Coralville Drive-In

1215 5th Street,
Coralville, IA 52241

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Additional Info

Previously operated by: Central States Theatres Corp

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Coralville Drive-In

The Coralville Drive-In was opened on May 15, 1949 with Fred McMurray in “Suddenly it’s Spring”. Car capacity was 300 cars. It was operated by Central States Theatres. The drive-in was closed at the end of the 1980 season. Where the entrance of the drive-in once stood is the Coralville Center for the Performing Arts.

Contributed by Chris1982

Recent comments (view all 5 comments)

50sSNIPES on March 20, 2020 at 7:56 pm

Facts About The Coralville Drive-In:

On October 21st, 1966, 13 Out Of The 300 Speakers Were Damaged In A Single Day.

In 1978, It Was Owned And Operated By The Highway Theater Co. And During The Same Year, The Theater Itself Won A Suit Against The City Itself.

But In My Opinion About The Suit Against The City Though, The Theater Turned Out To Be A Major Changeover 2 Years Later. And They Did As Of September 23rd, 1980; And The Theater However Did Not Reopen The Next Year. The Theater Ended Up Shutting The Gates After The 1980 Season.

davidcoppock on March 20, 2020 at 9:48 pm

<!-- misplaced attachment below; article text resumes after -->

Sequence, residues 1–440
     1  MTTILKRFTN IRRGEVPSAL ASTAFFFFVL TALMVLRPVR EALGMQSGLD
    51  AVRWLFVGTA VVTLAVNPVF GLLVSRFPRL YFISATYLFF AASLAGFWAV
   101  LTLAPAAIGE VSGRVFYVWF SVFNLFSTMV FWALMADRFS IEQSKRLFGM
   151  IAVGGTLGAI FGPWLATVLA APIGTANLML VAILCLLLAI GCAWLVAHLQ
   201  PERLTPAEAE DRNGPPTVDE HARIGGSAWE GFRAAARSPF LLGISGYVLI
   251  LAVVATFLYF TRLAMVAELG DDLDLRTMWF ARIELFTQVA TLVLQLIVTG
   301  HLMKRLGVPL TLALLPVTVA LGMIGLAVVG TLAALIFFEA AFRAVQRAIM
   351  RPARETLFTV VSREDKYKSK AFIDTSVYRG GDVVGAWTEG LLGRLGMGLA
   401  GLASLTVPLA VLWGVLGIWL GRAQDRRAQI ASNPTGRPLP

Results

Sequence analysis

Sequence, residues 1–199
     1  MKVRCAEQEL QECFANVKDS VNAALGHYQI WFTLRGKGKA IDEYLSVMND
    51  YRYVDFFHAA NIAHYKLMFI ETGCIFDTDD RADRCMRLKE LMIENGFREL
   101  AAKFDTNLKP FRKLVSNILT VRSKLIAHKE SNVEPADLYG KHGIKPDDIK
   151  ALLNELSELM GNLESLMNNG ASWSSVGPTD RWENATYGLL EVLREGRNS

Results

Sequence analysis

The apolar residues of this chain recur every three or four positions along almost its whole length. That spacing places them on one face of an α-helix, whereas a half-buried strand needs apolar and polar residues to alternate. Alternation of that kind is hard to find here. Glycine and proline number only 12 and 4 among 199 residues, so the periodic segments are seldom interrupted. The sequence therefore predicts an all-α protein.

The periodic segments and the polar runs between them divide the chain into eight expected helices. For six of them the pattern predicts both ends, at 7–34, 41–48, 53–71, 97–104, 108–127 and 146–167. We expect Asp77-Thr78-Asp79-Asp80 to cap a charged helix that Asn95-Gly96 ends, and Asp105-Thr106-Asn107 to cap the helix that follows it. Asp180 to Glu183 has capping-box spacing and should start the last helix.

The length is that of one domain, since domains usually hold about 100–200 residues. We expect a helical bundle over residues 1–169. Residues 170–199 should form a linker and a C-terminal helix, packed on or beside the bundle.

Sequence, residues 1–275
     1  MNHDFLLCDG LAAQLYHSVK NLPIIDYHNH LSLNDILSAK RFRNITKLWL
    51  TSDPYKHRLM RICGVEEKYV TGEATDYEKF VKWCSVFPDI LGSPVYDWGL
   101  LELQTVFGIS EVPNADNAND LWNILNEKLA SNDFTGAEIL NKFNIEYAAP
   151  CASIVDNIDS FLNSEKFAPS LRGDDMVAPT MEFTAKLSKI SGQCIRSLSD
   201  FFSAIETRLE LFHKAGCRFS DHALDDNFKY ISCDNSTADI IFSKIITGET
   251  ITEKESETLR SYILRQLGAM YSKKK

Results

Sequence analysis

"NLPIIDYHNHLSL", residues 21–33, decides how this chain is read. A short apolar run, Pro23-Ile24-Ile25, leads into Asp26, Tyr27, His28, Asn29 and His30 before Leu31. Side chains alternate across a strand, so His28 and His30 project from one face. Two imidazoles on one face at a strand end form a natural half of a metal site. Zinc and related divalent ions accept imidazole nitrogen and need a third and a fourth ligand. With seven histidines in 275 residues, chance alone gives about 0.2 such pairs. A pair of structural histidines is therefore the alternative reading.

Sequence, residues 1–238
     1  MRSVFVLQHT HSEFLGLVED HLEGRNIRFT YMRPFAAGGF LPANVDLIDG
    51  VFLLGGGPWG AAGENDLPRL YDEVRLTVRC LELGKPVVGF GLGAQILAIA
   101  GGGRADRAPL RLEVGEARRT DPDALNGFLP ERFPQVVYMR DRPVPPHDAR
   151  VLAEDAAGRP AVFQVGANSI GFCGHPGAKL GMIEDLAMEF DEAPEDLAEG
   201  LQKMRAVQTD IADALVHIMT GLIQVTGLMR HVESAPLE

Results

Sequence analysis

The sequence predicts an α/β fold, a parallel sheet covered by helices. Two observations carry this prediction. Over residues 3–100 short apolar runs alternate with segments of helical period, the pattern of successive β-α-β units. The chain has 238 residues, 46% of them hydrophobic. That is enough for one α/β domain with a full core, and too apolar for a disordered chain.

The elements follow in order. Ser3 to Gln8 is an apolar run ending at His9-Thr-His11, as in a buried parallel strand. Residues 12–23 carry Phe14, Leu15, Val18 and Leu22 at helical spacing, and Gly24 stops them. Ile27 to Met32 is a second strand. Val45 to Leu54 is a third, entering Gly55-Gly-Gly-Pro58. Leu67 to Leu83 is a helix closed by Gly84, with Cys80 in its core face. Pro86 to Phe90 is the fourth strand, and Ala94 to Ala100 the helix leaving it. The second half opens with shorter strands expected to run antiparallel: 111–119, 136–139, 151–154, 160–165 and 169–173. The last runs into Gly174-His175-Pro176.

What was the suit against thr city about?

50sSNIPES on March 21, 2020 at 5:31 am

I actually do not know what it is about. But I figure it out from an article from the Iowa City Press-Citizen on February 15th, 1978.

DRum on April 30, 2020 at 9:27 am

I grew up in Iowa City. As I remember the Drive In was in town was surrounded by residential areas. The city wanted them to build higher fences. Seems to me the entrance where the screen was had very high wooden fencing but the rest of the fences were not as high. When I was a teenager we would park on the street as the area behind it was uphill and watch R rated films. The city wanted them to build like a 20 foot high privacy fence where no one could see the screen. I don’t know if that was what the lawsuit was about.

Later I was working at the Campus Theater and the Drive In was closed. At that time there was a big building boom going on in Coralville. I kept saying we needed to build a new theater there before another company came in. I was told that Myron Blank owner of Central States Theaters and his son in law Arthur Stein who was General Manager were so upset with the city of Coralville they vowed never to build there again. They did end up opening the Coral IV there in 1991.

Another thing I remember is they had a big fight with Iowa City. I don’t remember the year but the city came up with new ordinances for signs, they wanted them all flat on the front of the buildings. They told Myron Blank that he had to remove all of the theaters marquees. I don’t know if there was a lawsuit but I know they were able to keep their marquees.

MichaelKilgore on September 13, 2021 at 7:38 am

The Iowa City Drive-In, “located west of Coralville on Highway 6,” opened on May 15, 1949, according to the previous day’s Iowa City Press-Citizen. “Work on the theater, the first to be constructed in this area, has been underway all spring.” The drive-in featured individual speakers for each car and held two shows nightly. The opening day feature was “Suddenly It’s Spring” with Fred McMurray, plus varied short subjects.

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